Firstly I should say I have a pet hate. I can't stand it when people criticise something they haven't seen or read. People will declare that "Mr X is a terrible writer," or "Ms Z can't direct," or "That film sucks,"but when you push a little closer you find they haven't read the thing that Mr X has written, or seen the film that Ms Z has made.
I can't stand that. In all honesty, I find it dishonest. I try to make a living from writing, so I feel I owe other creators -especially writers- a certain level of professional respect. So, given how much I dislike that school of criticism, I'm about to tread a fine line.
I have no issues at all with the quality of PACIFIC RIM. I can't have. I haven't seen it. I have no comments that I can make on whether it's a good film, but I do want to talk about the way these films are marketed and the culture of accepting it. If I do start to read like I'm attacking the quality of the film itself, slap me.
Here's a conversation I had with a friend this week;
FRIEND: "Seen the trailer for PACIFIC RIM?"
ME: "Saw one before STAR TREK"
FRIEND: "IT LOOKS AMAZING."
ME: "Really? All I got was that giant robots are fighting giant monsters."
FRIEND: "What more do you need?"
And here, somewhat related to the theme, is a conversation I had with another friend a few years ago when I was complaining about what a bad film TRANSFORMERS 2 was (and I will criticise it, because I paid to go see it);
ME: "I hated it. No structure. No story. No internal logic."
FRIEND: "You paid to see a film about giant robots fighting. Were you expecting a story?"
And so here we are again.
PACIFIC RIM could turn out to be a great film with a gripping story. There are many people whose tastes I trust who will be seeing it, and i might add it to my list if they report back on it being good. The thing is, they will have done a job that the film's marketing team don't seem to feel they need to. They will have convinced me of the films quality.
On the part of the studio and the marketing team themselves, they seem to think that just shouting "GIANT MONSTERS FIGHTING GIANT ROBOTS!!!!!!" is enough. And, you know what? It seems that they're right. Any time I voice an opinion to the contrary I'm starting to get people who think I am the strange one. That second conversation, the one about Transformers 2, does seem to be becoming representative of how we make these decisions. I'm the one who is strange for expecting a story when I pay money to go and see a film that someone was paid thousands to write.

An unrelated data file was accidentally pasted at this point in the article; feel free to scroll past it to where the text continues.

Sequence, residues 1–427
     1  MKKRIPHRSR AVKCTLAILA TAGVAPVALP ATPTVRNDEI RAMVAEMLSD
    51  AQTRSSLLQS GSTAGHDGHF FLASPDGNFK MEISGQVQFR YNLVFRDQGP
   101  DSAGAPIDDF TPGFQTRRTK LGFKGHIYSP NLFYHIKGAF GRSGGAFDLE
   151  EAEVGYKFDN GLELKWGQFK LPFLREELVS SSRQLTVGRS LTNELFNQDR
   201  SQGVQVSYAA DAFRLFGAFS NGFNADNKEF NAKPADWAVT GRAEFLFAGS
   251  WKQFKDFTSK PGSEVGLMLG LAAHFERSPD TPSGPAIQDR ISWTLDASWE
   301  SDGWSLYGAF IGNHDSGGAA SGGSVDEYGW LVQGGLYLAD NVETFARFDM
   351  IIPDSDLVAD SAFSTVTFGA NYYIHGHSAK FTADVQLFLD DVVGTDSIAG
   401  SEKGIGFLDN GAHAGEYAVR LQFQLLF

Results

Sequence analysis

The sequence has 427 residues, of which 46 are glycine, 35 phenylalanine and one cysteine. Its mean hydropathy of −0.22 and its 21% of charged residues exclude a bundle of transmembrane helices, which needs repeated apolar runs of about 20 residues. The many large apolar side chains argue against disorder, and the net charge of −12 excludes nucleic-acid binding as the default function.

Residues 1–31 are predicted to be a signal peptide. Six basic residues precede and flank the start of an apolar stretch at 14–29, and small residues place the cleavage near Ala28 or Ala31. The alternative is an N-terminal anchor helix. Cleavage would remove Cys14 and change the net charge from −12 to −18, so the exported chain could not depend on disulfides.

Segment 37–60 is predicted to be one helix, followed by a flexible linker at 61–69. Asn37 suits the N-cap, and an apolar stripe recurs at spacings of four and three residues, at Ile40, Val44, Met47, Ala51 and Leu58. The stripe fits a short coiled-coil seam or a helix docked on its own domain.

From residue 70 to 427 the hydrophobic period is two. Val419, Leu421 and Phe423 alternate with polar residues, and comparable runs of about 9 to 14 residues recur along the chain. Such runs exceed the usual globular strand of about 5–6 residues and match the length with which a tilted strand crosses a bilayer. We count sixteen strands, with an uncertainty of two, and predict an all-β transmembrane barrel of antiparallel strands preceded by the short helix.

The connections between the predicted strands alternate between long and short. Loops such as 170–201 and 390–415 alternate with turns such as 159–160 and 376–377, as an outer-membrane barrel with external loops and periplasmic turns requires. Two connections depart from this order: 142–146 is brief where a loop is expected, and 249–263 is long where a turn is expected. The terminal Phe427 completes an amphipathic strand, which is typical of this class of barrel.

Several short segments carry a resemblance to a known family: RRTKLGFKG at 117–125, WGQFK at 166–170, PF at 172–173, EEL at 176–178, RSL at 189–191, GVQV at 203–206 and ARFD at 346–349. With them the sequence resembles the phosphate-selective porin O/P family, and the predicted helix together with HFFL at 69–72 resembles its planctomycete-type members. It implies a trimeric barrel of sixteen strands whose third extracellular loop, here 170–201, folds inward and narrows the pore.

High concept and one line pitches are nothing new. We've all seen them, and all used them.
It's like JAWS but in a JUNGLE. It's a HAUNTED HOUSE movie in SPACE. It's like ALIEN but on a boat. It's like DIE HARD but on a BUS. It's like THE TERMINATOR but with the number TWO after it. It's like your MUM but BETTER.
But am I the only one feeling that we're now getting further and further down this road, and that things like story no longer matter? Am I wrong, and it's always been this way?
And furthermore, when I come out of these films and then moan about the lack of story, I get told that I simply "don't like fun." Have we lowered our expectations so much, that "fun" now means "crap?" (Again, that is aimed at the films I have seen.) This culture of "switching your brain off." I'm pretty sure that if I switch my brain off, doctors will come into the room, shout out the time, and write my name on a certificate. To look at my list of favourite films is to see quite a few films that I would consider 'fun.' RAIDERS OF THE LOST ARK. BACK TO THE FUTURE. GHOSTBUSTERS. These are fun films. And for each of them there are moments when you need to suspend disbelief, when you have to trust the narrative over trusting external logic. But the films earn those moments. That no longer seems to be a consideration. We've accepted that "fun" means people getting paid thousands and millions to make films, that we then pay a percentage of our weekly wage to go and see, that don't have to make any kind of sense or have any kind of story. I don't find that "fun."
But I'm off topic. I'm not trying to talk about the films themselves so much as the way they are sold to us.
Is my generation to blame? The kids who grew up in the 80's constantly mashing things up. The decade when action figures had exploded, when TV series were now made simply to sell those toys. When we would run around the playground arguing about who would win in a fight between He-Man and Optimus Prime and also testing the theory out with plastic avatars? When we could argue about who would win in a fight between Freddy and Jason, and if the Terminator could take out a Xenomorph? Many of these things were turned into comics that people my age lapped up. And, in turn, some of them have been films. People my age our now writing movies, they are now selling and advertising them. So maybe it's all our fault.
Am I alone in wanting to have someone pitch to me as if they take me seriously? Am I alone in wanting to at least think that the marketing people credit me with a brain and with some interest in story or character? It does seem that the marketing people are right. That this is what "we" are happy with.
So, once again, I have no beef with the quality of PACIFIC RIM. It has a very good Director. It has a strong cast. I believe some of the influences come from Greek myth, and I'm a big fan of those same myths. It has every chance of being a good film. But that also seems to be entirely incidental. The marketing is not interested in whether or not it's a good film with a compelling story. And, it seems, the people I speak to who are excited about it tend to leave that as an afterthought, too. It's just the film about GIANT MONSTERS FIGHTING GIANT ROBOTS. Eh.
PACIFIC RIM has a chance of being a good film. It's by a good Director. It has a good cast. But none of those seem to be the selling points.